Residents of the Village of Cherry Creek should find themselves the better after voting 70-32 to dissolve their tiny municipality about an hour’s drive south of Buffalo on Route 62.
As the 20th village in New York to merge with a town since 2008, Cherry Creek may serve as an example to larger villages that are determined, even against their own best interest, to maintain the status quo.
Cherry Creek’s story began in the 1800s, written by hardworking citizens brought up in the comfort and familiarity of a small rural village.
Indeed, the description reported by The News’ Mark Sommer was of a once-thriving village incorporated in 1893, with a population of nearly 700 as recently as 1980. For decades there were jobs, plenty of people to work the land and customers to buy what it produced.
But like so many stories of rural America, economies changed; there were fewer jobs and people began leaving. The village was down to about 440 residents.
And as a result, the folks left behind had to shoulder a growing share of the burden of providing public services.
The accumulated pressure of low household incomes in comparison with town residents and the lack of resources to adequately maintain infrastructure made Cherry Creek the perfect candidate for dissolution.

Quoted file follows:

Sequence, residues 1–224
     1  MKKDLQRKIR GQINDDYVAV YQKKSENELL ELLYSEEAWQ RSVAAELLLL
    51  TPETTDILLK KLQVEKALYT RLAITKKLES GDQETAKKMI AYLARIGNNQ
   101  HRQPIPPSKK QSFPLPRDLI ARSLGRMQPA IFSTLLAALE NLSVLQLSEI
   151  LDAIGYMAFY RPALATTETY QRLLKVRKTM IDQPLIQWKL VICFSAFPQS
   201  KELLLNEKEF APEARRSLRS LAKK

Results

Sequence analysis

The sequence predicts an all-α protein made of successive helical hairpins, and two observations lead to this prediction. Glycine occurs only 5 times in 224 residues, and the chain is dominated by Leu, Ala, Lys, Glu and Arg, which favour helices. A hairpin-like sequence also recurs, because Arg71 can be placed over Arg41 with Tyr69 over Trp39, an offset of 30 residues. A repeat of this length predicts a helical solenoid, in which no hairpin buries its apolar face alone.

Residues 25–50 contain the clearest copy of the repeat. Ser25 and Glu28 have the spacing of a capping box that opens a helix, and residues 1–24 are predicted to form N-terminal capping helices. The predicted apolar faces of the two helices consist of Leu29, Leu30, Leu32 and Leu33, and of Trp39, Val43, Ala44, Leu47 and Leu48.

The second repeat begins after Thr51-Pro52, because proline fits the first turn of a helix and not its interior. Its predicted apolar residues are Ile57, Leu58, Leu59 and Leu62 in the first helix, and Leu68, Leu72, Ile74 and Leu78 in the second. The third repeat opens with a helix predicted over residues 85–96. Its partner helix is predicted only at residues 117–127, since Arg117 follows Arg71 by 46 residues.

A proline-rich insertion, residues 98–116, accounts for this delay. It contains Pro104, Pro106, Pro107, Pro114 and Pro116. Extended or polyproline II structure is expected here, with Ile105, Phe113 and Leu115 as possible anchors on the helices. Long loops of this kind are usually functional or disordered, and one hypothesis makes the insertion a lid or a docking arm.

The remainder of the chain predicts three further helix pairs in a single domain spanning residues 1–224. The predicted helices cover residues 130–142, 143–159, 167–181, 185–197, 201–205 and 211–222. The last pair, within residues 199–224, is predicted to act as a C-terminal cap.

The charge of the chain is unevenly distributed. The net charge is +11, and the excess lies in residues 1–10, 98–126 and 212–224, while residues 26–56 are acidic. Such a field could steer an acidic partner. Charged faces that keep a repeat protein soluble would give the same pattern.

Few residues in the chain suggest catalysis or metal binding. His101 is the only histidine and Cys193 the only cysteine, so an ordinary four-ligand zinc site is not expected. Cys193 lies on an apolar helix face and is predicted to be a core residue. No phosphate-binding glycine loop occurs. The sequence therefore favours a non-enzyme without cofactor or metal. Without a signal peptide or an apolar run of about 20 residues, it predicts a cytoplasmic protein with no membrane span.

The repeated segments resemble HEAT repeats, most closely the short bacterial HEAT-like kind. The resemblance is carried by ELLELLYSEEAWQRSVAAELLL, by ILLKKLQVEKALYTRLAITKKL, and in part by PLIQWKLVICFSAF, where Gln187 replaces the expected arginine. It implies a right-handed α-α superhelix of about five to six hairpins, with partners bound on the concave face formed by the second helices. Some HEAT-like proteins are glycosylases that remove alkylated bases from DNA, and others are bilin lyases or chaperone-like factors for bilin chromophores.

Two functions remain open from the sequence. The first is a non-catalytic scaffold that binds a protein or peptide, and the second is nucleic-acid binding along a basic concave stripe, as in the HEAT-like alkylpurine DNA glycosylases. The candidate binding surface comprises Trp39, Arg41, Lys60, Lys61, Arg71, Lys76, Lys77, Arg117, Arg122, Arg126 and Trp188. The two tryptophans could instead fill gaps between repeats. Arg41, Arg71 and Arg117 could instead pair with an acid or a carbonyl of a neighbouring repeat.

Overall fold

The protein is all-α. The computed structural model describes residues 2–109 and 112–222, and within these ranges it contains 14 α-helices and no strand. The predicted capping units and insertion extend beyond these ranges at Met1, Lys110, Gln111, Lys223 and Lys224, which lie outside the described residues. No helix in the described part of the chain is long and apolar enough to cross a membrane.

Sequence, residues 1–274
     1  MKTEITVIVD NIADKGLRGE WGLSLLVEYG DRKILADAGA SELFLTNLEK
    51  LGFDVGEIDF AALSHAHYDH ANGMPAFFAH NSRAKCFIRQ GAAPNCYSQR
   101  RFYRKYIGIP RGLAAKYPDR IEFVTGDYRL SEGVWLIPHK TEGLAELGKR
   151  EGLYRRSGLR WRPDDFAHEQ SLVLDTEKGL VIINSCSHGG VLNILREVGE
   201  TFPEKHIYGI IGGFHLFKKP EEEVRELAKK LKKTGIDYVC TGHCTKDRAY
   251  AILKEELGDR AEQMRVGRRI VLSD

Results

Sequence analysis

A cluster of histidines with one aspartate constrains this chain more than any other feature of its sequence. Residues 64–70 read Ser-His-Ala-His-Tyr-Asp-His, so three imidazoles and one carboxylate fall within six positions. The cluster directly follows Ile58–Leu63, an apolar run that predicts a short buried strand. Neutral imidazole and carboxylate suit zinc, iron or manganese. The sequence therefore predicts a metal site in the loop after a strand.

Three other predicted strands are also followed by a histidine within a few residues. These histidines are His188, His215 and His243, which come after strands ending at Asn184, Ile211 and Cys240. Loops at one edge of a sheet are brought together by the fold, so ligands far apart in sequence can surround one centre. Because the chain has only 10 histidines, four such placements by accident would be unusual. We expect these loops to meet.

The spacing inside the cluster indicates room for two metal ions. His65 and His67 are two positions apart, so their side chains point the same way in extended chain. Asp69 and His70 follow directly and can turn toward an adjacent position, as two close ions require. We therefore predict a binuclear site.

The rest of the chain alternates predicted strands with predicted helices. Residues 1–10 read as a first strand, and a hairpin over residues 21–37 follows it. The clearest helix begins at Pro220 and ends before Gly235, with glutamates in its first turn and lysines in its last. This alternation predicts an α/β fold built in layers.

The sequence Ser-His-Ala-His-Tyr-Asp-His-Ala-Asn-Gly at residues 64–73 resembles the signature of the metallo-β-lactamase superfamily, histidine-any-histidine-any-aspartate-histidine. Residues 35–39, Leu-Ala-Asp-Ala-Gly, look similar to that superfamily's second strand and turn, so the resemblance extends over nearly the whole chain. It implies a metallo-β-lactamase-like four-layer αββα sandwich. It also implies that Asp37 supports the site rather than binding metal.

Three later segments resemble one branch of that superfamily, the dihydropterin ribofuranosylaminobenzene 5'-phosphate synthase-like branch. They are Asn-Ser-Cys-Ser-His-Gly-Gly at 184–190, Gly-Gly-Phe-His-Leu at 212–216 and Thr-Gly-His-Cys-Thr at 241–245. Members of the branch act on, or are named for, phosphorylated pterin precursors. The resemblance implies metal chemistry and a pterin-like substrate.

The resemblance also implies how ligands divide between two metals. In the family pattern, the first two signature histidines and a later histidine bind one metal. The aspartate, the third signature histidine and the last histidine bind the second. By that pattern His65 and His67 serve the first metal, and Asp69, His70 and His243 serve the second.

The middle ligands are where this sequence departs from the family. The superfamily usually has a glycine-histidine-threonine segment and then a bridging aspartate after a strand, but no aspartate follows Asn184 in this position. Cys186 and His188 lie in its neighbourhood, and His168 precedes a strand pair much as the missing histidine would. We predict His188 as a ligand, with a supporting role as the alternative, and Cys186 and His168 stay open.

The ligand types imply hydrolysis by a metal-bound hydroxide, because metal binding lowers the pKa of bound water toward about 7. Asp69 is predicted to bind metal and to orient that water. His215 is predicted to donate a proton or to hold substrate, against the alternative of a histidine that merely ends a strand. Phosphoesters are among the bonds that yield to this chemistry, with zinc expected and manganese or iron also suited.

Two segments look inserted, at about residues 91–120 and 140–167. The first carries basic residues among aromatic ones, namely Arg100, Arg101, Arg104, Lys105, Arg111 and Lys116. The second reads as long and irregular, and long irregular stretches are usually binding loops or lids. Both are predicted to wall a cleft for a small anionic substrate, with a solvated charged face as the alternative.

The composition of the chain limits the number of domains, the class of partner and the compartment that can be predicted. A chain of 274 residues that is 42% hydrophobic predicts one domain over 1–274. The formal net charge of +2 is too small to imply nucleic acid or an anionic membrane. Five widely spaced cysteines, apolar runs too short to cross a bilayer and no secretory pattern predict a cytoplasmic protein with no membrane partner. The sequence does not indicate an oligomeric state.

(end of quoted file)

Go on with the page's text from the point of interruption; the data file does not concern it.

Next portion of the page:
Even though dissolving the village seemed to be the fiscally prudent thing to do, it is still a controversial subject. Some residents did not want to have their names attached to their opinions. That’s understandable, given the heated and divisive debate leading up to Depew’s decision not to dissolve.
What happened in Cherry Creek – the strain of too few people and too many bills – is being felt across the state. In an effort to encourage the dissolution of villages, New York State offers a tax credit that provides $96,000 annually, with 75 percent used for tax reduction.
It’s not clear how much the village will save by dissolving, but maintaining its existence with a few hundred residents wasn’t sustainable.